Life in the Latticework: Peering Into Underwater Caves and Crevices

For many divers, the idea creates the most irresistible of urges. For others the mere thought makes their skin crawl. This concept that is compelling to some and repelling to others is merely the act of taking a close-up look into a hole, crack or crevice during a dive. The cavity in question might be the diameter of a large coin or the size of a small cave, but in any case, some divers cannot resist the urge to squeeze their face as far into the opening as they can, while others swim away as fast as their fins will propel them.

While cracks, caves, holes and crevices in reef communities are filled with mystery for divers, they are the places called “home, sweet home” by myriad marine creatures as these natural openings create safe havens for their residents.

Let’s take a look at some of the creatures that you might encounter if you decide to take a look rather than retreat.

Moray Eels

“Put your hand in a crack and you won’t get it back, it’s a moray.” So goes the parody, and there is little question that this ditty sums up the feelings of many nondivers, and perhaps some new divers, when they think about moray eels. Of course, the classic image of a moray eel is that of a fierce-looking face with mouth partially agape and numerous, sharp, fanglike teeth exposed.

No doubt about it, as a moray slowly and continuously opens and closes its maw, its appearance is likely to cause the uninformed to think that the eel is salivating over its next meal. However, ichthyologists offer a different explanation by explaining that although moray eels are fishes, they lack the large gill covers used by many bony fishes to pump oxygenated water over their gills as they respire. Lacking these gill covers, moray eels use their large mouths as billowslike pumps to constantly circulate a fresh supply of oxygen-rich water over their gill tissues. Thus, it is the act of respiring — not salivating as it contemplates its next victim — that causes morays to continuously open and close their mouths.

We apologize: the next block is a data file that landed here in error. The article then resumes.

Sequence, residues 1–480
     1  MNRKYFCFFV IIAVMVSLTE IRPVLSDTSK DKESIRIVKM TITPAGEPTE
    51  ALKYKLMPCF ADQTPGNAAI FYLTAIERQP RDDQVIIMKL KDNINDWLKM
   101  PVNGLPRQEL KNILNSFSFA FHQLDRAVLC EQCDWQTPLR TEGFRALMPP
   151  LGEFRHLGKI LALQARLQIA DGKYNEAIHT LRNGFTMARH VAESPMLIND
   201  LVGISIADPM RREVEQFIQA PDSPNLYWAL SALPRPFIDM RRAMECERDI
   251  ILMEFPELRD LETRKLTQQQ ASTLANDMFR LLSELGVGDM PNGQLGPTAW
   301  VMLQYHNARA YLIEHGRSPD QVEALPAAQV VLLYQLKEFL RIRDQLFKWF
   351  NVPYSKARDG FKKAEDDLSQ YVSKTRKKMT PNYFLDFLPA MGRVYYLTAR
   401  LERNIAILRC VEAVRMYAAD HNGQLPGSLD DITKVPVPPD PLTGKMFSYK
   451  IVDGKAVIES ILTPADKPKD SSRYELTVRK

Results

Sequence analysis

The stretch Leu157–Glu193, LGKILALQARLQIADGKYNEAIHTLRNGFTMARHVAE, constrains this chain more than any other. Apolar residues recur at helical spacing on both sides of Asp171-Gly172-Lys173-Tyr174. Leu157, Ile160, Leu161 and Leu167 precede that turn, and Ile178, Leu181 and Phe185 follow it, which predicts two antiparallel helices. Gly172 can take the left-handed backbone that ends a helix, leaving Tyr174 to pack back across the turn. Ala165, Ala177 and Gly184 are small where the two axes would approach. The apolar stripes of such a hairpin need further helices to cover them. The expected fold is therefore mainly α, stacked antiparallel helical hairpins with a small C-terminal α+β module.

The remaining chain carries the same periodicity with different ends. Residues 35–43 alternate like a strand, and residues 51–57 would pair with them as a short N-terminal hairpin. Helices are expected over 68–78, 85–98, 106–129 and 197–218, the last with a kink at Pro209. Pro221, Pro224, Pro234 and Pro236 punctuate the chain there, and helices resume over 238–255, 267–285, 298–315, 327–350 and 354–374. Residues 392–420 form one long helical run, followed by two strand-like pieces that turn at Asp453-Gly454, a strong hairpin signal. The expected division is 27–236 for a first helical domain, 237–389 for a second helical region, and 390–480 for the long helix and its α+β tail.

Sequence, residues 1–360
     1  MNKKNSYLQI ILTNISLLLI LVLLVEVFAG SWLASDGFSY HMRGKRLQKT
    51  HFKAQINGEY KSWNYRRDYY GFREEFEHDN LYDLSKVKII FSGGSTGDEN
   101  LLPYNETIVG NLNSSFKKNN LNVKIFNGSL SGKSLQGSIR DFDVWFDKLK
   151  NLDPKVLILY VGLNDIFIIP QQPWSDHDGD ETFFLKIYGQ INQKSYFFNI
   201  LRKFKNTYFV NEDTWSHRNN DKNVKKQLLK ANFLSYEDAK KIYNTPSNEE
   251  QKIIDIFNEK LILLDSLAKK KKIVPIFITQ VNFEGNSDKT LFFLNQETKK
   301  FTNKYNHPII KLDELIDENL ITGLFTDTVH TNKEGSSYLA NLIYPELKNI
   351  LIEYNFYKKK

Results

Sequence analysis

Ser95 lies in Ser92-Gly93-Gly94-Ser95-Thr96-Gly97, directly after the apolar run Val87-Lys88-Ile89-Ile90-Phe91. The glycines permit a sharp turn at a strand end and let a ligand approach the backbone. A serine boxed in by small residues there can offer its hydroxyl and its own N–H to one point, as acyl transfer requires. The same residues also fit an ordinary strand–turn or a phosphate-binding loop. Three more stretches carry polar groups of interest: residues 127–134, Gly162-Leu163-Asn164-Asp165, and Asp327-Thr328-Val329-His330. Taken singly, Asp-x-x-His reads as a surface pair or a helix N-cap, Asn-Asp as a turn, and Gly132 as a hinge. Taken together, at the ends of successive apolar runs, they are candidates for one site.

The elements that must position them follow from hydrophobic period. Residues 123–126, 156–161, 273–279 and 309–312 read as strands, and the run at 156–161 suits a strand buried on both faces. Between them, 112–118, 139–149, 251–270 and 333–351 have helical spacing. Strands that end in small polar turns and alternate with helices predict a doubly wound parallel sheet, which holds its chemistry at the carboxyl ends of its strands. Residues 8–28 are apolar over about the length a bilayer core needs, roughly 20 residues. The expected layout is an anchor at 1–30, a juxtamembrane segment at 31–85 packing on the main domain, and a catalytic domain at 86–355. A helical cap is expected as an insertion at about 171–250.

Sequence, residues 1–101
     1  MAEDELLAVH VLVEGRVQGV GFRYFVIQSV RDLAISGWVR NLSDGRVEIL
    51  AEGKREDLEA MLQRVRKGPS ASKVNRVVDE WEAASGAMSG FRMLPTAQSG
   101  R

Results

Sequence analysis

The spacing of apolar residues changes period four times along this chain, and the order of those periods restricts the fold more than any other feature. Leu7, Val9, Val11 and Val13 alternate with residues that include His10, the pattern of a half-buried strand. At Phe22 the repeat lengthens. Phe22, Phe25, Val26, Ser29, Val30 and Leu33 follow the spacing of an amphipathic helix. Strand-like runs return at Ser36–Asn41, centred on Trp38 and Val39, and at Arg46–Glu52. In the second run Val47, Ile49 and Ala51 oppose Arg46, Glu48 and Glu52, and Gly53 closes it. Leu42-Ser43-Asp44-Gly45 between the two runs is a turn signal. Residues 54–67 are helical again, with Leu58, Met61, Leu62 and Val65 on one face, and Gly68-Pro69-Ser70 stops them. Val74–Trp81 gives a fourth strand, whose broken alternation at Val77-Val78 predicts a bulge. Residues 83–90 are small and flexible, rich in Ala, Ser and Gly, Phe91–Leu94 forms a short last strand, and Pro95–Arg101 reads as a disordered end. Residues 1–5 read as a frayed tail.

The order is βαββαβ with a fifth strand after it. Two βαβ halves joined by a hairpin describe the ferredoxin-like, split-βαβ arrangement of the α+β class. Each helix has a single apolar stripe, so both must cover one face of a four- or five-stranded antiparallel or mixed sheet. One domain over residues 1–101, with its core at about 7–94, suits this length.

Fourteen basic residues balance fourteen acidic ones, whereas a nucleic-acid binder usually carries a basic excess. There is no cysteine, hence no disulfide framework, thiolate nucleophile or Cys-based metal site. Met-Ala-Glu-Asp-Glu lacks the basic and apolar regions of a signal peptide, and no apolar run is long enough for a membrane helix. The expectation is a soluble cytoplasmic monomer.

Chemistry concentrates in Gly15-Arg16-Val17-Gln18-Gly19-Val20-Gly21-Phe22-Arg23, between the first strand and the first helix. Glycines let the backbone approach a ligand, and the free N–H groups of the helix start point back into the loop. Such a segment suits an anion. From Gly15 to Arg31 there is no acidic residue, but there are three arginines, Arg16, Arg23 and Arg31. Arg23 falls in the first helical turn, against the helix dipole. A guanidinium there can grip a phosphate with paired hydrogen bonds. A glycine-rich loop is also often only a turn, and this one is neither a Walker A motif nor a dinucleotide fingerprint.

Worldwide there are about 100 species of moray eels. Although some species of moray eels can commonly be seen free-swimming out of their holes, during the day most morays tend to hide in crevices with only their head, eyes and large, powerful, tooth-lined jaws being visible as they extend past the opening.

Morays are well-equipped for living in and around the small holes, cracks, crevices and narrow passageways of reef communities. The lack of both large gill covers and paired fins and the possession of fine scale and mucus-coated bodies enable morays to “back up without getting hung up” as they skillfully maneuver in tight quarters. Many fishes cannot go backward quickly, and are forced instead to make a “U-turn” when they want to retreat. Their ability to back up quickly and easily helps morays succeed in their roles as reef predators that readily feed on a wide variety of fishes, crustaceans and mollusks, especially octopi.

Even though morays have eyes that are often prominent, their sense of vision is not as useful as one might suspect. In fact, moray eels are known to rely heavily on their well-developed olfactory system when hunting.

Lobsters

Lobsters, or bugs as they are often called by lobster hunters, often share holes with morays and other animals, especially during daylight hours when lobsters typically tend to retreat into the nooks and crannies of reef structures. During the day it is quite common to first spot their antennae projecting out from a hole or from under a ledge.